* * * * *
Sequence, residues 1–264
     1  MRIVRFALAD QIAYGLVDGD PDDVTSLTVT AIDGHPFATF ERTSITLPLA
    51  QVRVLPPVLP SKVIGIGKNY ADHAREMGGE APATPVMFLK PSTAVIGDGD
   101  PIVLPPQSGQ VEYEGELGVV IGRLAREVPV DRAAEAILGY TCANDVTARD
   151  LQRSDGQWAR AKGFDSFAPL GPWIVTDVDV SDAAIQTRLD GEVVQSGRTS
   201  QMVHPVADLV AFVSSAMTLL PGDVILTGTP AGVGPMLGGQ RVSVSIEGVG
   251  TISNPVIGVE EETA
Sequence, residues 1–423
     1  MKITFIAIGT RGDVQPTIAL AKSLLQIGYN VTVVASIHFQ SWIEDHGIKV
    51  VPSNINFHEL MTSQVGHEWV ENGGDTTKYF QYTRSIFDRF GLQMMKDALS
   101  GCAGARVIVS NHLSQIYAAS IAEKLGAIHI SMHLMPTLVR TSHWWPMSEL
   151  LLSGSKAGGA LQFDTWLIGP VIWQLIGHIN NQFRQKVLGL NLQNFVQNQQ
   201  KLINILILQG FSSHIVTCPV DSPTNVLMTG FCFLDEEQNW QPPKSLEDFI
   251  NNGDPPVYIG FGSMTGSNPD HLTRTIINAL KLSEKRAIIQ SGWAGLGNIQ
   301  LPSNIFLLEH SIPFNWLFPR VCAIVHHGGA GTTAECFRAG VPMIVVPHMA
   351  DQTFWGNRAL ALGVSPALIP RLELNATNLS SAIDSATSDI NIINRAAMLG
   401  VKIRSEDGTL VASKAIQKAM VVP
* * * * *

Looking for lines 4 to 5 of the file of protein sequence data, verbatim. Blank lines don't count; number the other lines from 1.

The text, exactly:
   101  PIVLPPQSGQ VEYEGELGVV IGRLAREVPV DRAAEAILGY TCANDVTARD
   151  LQRSDGQWAR AKGFDSFAPL GPWIVTDVDV SDAAIQTRLD GEVVQSGRTS